So, you’ve been looking at taking a coding bootcamp, but you aren’t sure whether or not it’s right for you. It’s a tough decision to make. If you decide to do it, you’ll have to quit your job, put your life on hold, and take a plunge into doing something you’ve never done before. It’s a risk, and it’s not for everyone.
In order to be successful as a software developer, you need to make sure that you’re prepared for the transition. Working in technology is unique compared to other professions. The interview process is different, resumes are littered with ever-changing skills, and you’re expected to learn nearly everyday.
Ready to be challenged
I don’t care how smart you are, learning how to code in 10-12 weeks is incredibly challenging. You’re being asked to learn the foundations of web architecture, programming structure and syntax, source control, frameworks, database, and more in a very short amount of time. You’ll learn more applicable skills in those weeks than you would from a 4-year degree in Computer Science. To be fair, you won’t learn theory and history, but you’ll code your ass off because these programs are more about coding than learning abstract concepts.
Programming requires practice and determination to break through learning barriers. The weeks are crammed with so much information that it is impossible to consume it all, and you’ll feel overwhelmed. Those of you that stick with it will come out with an incredibly valuable talent and the ability to learn anything in the field on your own for the rest of your career.
Not afraid to work
Class may only be 8 hours a day, but you’re going to need to put in more hours than that to learn what you need to in order to be ready for a job when you get out. Most students spend 60-80 hours per week when you include the time they put in at home and on the weekends. If you’re unwilling to put in the effort, then you should not attend a coding bootcamp.
Coding schools require that the student put in the effort. No one is going to hand you the answers to your questions on a platter. We’re going to challenge you to figure it out yourself before we answer your questions, and we have to do that in order for you to learn how to figure things out on your own. We have to do that because we won’t be there to hold your hand after 10-weeks, and the coding school is just the first step in your journey as a software developer.
Willing to take control of your career
We recently had a student that only applied to two jobs since finishing the course. If you’re unwilling to put yourself out there and apply to all different types of opportunities, then you shouldn’t expect to be landing a job shortly after you complete the class. There are literally thousands of open jobs for programmers in every major city, but you need to be willing to find them and apply to as many as you can. You’re breaking into a new industry with a completely different interview process. You should go on many different interviews before you show up for an interview at your dream job.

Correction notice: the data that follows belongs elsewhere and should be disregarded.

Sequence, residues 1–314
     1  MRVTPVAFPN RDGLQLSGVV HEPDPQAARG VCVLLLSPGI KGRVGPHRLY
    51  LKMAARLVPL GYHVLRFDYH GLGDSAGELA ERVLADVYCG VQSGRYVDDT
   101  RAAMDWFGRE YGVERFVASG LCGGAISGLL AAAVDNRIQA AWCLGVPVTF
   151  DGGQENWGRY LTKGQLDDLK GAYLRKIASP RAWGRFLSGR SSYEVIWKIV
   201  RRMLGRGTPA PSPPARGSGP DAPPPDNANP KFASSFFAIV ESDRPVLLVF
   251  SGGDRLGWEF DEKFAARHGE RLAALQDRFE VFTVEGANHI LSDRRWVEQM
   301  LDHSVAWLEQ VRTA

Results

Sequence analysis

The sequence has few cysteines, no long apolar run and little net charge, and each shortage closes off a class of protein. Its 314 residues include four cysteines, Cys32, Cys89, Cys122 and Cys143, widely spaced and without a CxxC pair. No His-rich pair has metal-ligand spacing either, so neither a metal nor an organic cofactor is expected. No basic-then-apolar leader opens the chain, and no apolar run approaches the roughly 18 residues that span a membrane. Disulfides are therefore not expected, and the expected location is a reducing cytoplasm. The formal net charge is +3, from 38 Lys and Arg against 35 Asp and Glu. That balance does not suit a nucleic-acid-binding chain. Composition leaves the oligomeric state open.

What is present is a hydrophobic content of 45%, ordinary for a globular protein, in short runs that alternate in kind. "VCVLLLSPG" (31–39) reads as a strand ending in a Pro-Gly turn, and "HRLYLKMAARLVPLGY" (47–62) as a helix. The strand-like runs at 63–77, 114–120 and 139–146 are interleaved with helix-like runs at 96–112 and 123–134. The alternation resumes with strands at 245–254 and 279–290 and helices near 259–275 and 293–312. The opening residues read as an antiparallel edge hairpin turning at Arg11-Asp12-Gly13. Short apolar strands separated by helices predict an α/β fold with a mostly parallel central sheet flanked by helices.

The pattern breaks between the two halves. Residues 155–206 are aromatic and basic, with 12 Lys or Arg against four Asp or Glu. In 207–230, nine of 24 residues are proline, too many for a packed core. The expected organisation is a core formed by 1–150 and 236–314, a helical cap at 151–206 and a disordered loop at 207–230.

Also, don’t expect the bootcamp to hand deliver you a job. We do our best to network you with employers by having CTOs, developers, and hiring manager come talk to you about what it’s like to work at their companies. We expect you to take advantage of these relationships, but you can’t expect us to find a job for you. We prepare you with the tools that you need to get a job, but it is still your responsibility to drive the results.
Learn something new everyday
Programming is a lifelong journey. There shouldn’t be a day that goes by where you don’t learn something new about development. If you don’t love to learn, then you’ll never be the best developer that you can be, and you won’t enjoy your job. Development changes at an incredibly fast pace. There are new technologies, languages, and frameworks released everyday, and you’ll need to enjoy keeping up with these things in order to succeed.
Despite the feeling that a 12-week course is a sprint, you’re actually embarking on a marathon. A coding bootcamp will get you out of the gate quickly, but it is only the beginning.
One suggestion I make to students that I think has helped me as I learned technologies from Visual Basic 6, .Net, Objective-C, Cordova, Node.js, and more is that you come up with a side project that you will use on a regular basis. My project is a bill tracking application, and I still use it today. The latest version is written in PlatypusTS. This allowed me to learn a new language, framework, or technology without needing to re-architect a new product. I could focus on what I was trying to learn rather than the features I would be developing and how the product would work. I would highly recommend that you come up with something similar that you can use throughout your career.
If you embrace challenges, love to learn, and enjoy technology, then delaying your decision to take a coding bootcamp is only delaying the beginning of your new exciting career. There will never be a perfectly opportune time to disrupt your life like we are asking you to do, so you just have to go for it. Don’t let social norms and pressures prevent you from living the life you want. Take control of your life and your career, and I promise you that you’ll never regret the experiences you’ll gain diving into the deep end.